--- In email@example.com
, lady_caritas <no_reply@y...>
> Okay, Fred, then perhaps you could expand more on how you are using
> the term, "immanence"?
> And considering your definition, can you provide other passages in
> Gnostic scripture to exemplify this?
Hi Lady C,
I would define "divine immanence" as the state of things as a result
of an emanationist process. It is a well accepted part of the system
of Valentinus and Basilides. In fact so well known, the system of
successive links of Being which goes to descending levels, that it is
known by the shorthand term, the "Alexandrian schema." It is shared
by both Gnostics and the Hermetists, as well as the Platonists and
"... it is inherited by Plotinus from the Gnostic system he attacks.
The thinking of the first Neoplatonist comprises an apostrophç (in
Latin, processio), or estrangement from the essence of Being, which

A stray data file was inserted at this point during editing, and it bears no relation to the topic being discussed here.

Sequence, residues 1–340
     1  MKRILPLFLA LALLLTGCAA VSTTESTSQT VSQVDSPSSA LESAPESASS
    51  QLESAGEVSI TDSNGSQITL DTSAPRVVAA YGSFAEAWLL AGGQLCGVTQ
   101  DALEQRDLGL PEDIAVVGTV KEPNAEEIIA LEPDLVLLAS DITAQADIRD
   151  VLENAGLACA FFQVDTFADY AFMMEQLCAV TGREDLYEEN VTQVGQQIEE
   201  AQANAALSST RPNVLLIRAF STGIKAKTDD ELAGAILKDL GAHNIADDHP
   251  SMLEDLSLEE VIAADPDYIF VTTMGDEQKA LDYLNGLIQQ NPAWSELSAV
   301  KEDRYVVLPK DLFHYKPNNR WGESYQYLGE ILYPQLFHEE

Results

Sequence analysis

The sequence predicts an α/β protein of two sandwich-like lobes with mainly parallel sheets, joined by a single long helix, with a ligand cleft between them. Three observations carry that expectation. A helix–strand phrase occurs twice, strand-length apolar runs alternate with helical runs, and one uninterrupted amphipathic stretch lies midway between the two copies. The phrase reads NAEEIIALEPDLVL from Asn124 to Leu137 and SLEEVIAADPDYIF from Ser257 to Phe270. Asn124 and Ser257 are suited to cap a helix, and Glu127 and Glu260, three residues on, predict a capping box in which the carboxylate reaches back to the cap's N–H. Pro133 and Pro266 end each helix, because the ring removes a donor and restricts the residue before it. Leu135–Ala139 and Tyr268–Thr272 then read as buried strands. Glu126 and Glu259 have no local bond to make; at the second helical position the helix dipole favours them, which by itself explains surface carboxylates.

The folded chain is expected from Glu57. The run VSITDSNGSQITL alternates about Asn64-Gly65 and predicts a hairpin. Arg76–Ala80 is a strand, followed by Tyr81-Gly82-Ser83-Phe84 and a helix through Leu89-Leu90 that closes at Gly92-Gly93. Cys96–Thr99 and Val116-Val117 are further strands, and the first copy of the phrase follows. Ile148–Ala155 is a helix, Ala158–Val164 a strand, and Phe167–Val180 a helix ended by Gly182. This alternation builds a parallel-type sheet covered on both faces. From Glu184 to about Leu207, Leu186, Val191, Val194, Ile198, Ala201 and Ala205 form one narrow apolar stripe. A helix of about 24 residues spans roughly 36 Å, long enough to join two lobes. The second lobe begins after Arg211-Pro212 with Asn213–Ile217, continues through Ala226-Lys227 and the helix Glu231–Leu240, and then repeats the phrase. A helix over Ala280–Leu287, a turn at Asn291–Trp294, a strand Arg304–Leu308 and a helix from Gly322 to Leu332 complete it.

humans alone can make good by the opposite process of epistrophç
(conversio) or return to Being.
... The theme of concordia discors between Plotinus and the Gnostics
(whom he fights--by proxy, so to speak--in his Enneads, II, 9) ... is
one of the favorite subjects of Hans Jonas, ... he confided to me
that he no longer feels up to realizing the dream of his youth--to
write the long-planned book in which he would show that Plotinus is
the metaphysical continuator of the Gnostics ... In substance,
Plotinus' adversaries profess a doctrine with traces of Valentinian
Gnosticism: they believe that the world and its creator are evil and
that the very soul of the world has undergone a decline; as for
Plotinus himself, the creator of the cosmos can only be good, the
cosmos necessary to the perfection of the world and the soul of the
world being above mutability. It is only individual souls that fall.
Nevertheless, Plotinus' schema of the emanation of Being (the so-
called "Alexandrian schema") which is at the same time a gradual
descent of Intellect towards matter, stems from a process of
devolution (Hans Jonas' term) typical of the Syro-Egyptian Gnostic